Awakening to Beauty

Some historians tell us that the beginning of Western civilization, which through the process of globalization has become the world-wide paradigm, had its origin in ancient Greece. In other words, P-B can be traced to the city-states surrounding the Athens of Pericles. If artistic expression is revelatory of consciousness, then the art produced by ancient Greece was a stunning improvement over that of Egypt and the empires of Mesopotamia.

The most outstanding achievement of the Greeks was the eloquent expression of beauty—of the Romans—roads, baths and aqueducts. One a response of the soul—the other a reaction to the needs of the physical body or “form.” One expressed an intuitive seeking for truth or consciousness and the other a perpetuation of an unconscious worldview. A good example of the latter is A Roman Amphitheatre: the Colosseum in Rome (80 CE). “On the whole it is a utilitarian structure.”[i]

Utilitarian is a word that expresses the need of the human false self. The false self had its genesis as a necessary survival strategy and hence epitomizes a “utilitarian” creation that ensured the survival of the ego and indeed the physical human being or the human “form.” It is the sensation energy center of this false-self survival strategy that is impressed and influenced by “the grandeur that was Rome.”

The relationship among beauty, truth and consciousness is profound and is such that they can often be used as synonyms. Conscious people (those who have present-moment awareness) are vividly alive to the beauty surrounding them. But beauty in art has evolved as has consciousness in humanity.

In this essay and many others we use E. H. Gombrich’s book The Story of Art as our reference. In the quotes below we highlighted Gombrich’s words which he used to describe the art cited. But they also describe in Simple Reality terms the “feelings,” i.e., the “beauty” accompanying an awareness of the NOW.

Describing An Ionic Temple: the Erechtheion on the Acropolis in Athens (420 BCE) Gombrich says: “The whole impression of these buildings with their finely wrought details is one of infinite grace and ease.”[ii]  Similarly, viewing A Goddess of Victory (408 BC) we see “how softly and richly the thin drapery falls over the beautiful body.”[iii]  And finally, Interior of the Pantheon, Rome (built 113-125 AD) is seen by Gombrich as conveying an “impression of serene harmony.”[iv] (Emphasis added.)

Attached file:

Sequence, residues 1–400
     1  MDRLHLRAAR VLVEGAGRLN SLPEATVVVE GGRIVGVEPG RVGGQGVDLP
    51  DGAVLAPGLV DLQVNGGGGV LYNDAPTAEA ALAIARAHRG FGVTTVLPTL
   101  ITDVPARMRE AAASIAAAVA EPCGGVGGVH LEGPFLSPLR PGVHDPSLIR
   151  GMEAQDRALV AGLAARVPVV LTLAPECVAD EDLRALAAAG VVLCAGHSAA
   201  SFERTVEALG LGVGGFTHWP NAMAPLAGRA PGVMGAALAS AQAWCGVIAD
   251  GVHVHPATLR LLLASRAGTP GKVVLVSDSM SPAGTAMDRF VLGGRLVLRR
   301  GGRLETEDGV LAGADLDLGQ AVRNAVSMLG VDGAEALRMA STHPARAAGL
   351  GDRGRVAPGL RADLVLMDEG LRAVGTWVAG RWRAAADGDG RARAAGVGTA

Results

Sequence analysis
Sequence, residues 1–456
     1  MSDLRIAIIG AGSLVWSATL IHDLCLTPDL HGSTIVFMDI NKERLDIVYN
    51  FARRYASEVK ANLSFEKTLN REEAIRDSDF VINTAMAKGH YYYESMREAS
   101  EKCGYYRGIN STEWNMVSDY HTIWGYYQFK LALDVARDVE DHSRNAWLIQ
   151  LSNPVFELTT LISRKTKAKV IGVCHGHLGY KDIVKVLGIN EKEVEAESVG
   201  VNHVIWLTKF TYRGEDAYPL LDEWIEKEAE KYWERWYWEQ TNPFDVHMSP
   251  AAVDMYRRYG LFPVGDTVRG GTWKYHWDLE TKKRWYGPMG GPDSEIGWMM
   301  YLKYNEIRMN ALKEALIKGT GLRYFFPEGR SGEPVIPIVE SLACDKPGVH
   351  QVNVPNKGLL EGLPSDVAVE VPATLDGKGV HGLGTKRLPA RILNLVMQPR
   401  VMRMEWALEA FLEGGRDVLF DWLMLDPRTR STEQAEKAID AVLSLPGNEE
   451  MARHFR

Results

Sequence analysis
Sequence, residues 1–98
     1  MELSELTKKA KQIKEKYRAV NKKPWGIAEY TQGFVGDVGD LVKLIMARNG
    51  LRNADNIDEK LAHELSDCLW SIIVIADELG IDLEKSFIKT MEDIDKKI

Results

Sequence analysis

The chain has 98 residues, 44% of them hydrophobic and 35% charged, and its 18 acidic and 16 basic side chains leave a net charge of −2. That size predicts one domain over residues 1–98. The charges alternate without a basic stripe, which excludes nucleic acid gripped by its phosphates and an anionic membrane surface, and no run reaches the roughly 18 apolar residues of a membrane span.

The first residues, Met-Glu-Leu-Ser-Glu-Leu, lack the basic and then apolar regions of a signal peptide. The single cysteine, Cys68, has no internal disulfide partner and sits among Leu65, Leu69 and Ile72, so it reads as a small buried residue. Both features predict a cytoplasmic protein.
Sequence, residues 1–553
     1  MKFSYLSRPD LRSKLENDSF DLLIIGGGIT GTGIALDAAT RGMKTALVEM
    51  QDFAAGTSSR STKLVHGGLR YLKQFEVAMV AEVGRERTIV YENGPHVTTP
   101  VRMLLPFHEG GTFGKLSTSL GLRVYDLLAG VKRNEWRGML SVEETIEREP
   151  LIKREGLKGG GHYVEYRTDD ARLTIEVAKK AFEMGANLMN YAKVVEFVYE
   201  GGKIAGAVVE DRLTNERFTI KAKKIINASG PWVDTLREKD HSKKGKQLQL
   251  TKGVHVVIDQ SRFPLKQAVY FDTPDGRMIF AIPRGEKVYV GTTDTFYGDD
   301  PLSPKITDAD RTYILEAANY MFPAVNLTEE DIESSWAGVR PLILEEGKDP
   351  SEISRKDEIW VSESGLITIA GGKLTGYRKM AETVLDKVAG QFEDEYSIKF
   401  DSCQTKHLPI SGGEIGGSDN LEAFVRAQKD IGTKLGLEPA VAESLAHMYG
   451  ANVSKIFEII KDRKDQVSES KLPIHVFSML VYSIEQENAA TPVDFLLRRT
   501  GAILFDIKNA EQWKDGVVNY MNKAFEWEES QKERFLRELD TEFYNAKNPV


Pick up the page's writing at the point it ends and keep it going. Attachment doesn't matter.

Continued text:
The Romans did what we need to do today and that is to engage in a process of synthesis. “It was typical of the Romans to take from Greek architecture what they liked, and to apply it to their own needs. They did the same in all fields.”[v] Paradigm-A is a synthesis of the most profound ideas throughout all of human history and we need to use these ideas to create a new sustainable worldview in response to the Three Great Questions.

The process of synthesis, however, will not work without profound goals, including values such as beauty, awareness and compassion. Without these ideals, the process of synthesis can be subverted by the false self which contains the ego.

For example, in the lower part of Trajan’s column in Rome (dedicated in 114 CE) we see how this happened when skilled engravers lacked the higher ideals. The purpose of the column was to impress the people of Rome by depicting the military victories of Trajan’s legionnaires in Dacia. “All the skill and achievements of centuries of Greek art were used in these feats of war reporting. The main aim was no longer that of harmony, beauty or dramatic expression.”[vi]  There is no more “art” on that column than one would find on the front page of today’s newspapers.

Once a paradigm becomes dominant as is the American worldview today, it can influence, for better or worse, less vital cultures and their stories. “During the centuries after Christ, Hellenistic and Roman art completely displaced the arts of the Oriental kingdoms even in their own strongholds.”[vii]  Moses striking water from the rock (from the Dura-Europos Synagogue, 245-256 CE) is an example of the influence of Greek and Roman art as far away as Mesopotamia.